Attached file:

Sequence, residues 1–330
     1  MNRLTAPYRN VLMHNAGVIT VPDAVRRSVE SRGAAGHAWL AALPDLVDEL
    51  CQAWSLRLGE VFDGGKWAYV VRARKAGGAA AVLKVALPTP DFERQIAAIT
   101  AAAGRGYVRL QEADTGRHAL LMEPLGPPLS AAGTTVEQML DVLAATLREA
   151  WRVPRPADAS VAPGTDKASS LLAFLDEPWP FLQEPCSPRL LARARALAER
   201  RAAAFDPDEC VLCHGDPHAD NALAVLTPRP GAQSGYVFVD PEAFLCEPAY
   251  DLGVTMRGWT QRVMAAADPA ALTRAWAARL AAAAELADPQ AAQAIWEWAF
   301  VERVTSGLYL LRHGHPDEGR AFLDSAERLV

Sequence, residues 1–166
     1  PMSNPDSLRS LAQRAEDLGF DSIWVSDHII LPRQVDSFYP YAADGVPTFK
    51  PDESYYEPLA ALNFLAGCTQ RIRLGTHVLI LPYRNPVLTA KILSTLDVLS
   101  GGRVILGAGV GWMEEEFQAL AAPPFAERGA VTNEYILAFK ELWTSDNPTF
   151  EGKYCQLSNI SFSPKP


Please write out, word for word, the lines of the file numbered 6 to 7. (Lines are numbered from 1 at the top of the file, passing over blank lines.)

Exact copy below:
   201  RAAAFDPDEC VLCHGDPHAD NALAVLTPRP GAQSGYVFVD PEAFLCEPAY
   251  DLGVTMRGWT QRVMAAADPA ALTRAWAARL AAAAELADPQ AAQAIWEWAF